May 29 2012

Reading the Seth Material (part 4)

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Your environment includes far more than you may have supposed. Earlier I referred to your environment in terms of the daily physical existence and surrounding with which you are currently connected. In acuality, you are aware of very little of your larger, more extensive environment. Consider your present self as an actor in a play; hardly a new analogy, but a suitable one. The scene is set in the twentieth century. You create the props, the settings, the themes; in fact you write, produce, and act in the entire production – you and every other individual who takes part.

You are so focused in your roles, however; so intrigued by the reality that you have created, so entranced by your problems, challenges, hopes, and sorrows of your paritcular roles that you have forgotten they are of your own creation…

But there are other plays going on simultaneously, in which you also have a part to play. These have their own scenery, their own props. They take place in different periods of time. One may be called “Life in the twelfth century A.D.” One may be called “Life in the eighteenth century,” or “in 500 B.C.,” or “in A.D. 3000.” You also create these plays and act in them. These settings also represent your environment, the environment that surrounds your entire personality…

You do not understand your own multidimensional reality; therefore it seems strange or unbelievable when I tell you that you live many existences at one time. It is difficult for you to imagine being in two places at once, much less in two or more times, or centuries…

Each of you are now involved in a much larger production, in which you all agree on certain basic assumptions that serve as a framework within which the play can occur. The assumptions are that time is a series of moments one after another; that an objective world exists quite independently of your own creation and perception of it.; that you are bound within the physical bodies that you have donned; and that you are limited by time and space.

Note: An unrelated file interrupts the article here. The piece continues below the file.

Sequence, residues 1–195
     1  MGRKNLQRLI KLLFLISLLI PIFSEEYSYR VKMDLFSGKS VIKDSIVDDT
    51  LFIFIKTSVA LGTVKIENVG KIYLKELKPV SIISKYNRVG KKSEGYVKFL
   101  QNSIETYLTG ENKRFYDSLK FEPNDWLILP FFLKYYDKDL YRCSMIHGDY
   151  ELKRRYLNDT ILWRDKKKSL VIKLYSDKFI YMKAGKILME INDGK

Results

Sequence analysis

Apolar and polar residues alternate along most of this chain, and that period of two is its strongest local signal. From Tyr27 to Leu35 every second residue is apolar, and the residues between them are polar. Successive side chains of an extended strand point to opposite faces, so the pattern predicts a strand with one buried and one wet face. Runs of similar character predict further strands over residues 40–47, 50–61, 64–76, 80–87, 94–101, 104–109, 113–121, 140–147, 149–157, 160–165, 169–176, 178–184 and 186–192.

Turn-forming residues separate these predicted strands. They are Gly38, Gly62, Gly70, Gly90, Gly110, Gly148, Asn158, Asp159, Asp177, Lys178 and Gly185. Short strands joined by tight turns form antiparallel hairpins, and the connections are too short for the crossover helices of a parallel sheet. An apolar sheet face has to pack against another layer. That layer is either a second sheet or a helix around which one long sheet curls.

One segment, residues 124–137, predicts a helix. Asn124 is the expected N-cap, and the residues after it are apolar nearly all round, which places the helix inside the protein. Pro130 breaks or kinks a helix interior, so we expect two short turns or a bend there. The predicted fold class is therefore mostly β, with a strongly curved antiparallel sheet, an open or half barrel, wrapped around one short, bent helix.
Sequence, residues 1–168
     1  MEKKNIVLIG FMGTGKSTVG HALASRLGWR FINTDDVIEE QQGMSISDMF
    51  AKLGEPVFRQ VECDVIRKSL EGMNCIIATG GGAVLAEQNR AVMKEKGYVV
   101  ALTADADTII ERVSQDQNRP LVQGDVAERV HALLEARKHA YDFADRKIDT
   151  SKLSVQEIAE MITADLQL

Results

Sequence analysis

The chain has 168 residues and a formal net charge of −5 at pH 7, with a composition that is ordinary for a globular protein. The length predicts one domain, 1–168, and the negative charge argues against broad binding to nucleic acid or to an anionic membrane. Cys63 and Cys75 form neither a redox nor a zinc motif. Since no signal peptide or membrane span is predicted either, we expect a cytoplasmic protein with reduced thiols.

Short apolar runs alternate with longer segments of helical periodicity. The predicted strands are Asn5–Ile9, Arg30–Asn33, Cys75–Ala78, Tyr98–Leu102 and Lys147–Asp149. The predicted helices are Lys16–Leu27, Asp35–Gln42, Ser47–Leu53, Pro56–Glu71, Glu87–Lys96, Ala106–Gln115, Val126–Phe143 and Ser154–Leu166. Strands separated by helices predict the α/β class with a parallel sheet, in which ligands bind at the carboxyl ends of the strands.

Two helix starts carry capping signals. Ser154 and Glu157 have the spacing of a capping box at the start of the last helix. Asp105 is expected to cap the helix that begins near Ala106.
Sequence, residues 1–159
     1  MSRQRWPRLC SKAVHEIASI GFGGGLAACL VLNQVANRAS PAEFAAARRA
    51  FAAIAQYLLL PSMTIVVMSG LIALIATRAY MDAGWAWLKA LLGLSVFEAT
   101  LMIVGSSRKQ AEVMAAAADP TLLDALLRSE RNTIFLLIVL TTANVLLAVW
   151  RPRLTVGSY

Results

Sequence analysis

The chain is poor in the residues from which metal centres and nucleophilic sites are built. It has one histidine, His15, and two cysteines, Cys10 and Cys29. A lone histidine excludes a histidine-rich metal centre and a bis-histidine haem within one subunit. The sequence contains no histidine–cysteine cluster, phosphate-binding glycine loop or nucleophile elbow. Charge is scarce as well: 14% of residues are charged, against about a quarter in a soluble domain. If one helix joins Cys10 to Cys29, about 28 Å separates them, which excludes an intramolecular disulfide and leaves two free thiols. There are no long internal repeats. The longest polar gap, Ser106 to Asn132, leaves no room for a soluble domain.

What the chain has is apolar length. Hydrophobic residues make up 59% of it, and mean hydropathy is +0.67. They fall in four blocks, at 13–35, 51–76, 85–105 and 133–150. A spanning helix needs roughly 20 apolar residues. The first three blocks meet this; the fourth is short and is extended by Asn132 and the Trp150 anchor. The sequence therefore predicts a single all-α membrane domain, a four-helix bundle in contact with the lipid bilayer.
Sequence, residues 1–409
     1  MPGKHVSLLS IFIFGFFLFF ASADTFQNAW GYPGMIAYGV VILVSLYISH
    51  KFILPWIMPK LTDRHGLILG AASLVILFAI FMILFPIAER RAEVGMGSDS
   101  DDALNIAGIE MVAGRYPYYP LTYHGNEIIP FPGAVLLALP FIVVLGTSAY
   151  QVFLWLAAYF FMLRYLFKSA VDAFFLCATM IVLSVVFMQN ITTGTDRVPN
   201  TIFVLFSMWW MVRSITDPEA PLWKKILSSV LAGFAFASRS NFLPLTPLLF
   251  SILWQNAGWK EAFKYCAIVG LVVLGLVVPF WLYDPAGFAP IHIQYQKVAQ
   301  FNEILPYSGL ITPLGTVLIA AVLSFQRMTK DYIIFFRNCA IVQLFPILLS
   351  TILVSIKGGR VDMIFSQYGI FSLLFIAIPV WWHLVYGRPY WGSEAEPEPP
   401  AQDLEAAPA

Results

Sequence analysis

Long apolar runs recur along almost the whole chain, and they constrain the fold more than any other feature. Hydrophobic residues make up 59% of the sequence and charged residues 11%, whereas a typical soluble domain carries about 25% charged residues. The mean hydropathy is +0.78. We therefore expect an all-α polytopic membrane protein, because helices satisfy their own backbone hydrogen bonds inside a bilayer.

Other assumptions accepted for the same reason include the idea that all perception comes through your physical senses; in other words, tha tall information comes from without, and that no information can come from within. You therefore are forced to focus intensely upon th eactions of the play. Now these various plays, these creative period pieces represent what you would call reincarnational lives.

They exist basically at one time. Those who are still involved in existences, find it difficult to see beyond them. Some, resting between productions, as it were, try to communicate with those who are still taking part; but they themselves are merely in the wings, so to speak, and can only see so far…

In each play, both individually, and en masse, different problems are set up. Progress can be measured in terms of the particular ways in which those problems are solved or not solved. Great advances have been made in certain periods. For example, great offshoots appeared that from your viewpoint you might not consider progress at all…

Now, in some playes, generally speaking, the actors are each working on a seemingly minute portion of a larger problem that the play itself is to resolve.

Though I use the analogy here of a drama, these “plays” are highly spontaneous affairs in which the actors have full freedom within the play’s framework. And granting these assumptions that have been stated, there are no rehearsals. There are observers, as you will see later in our book. As in any good theatre production, there is an overall theme within each play. The great artists, for example, did not emerge out of a paritcular time simply because they were born into it, or (because) the conditions were favorable.

(According to Seth, each individual chooses the time and place of every “life” in his reincarnational cycle).

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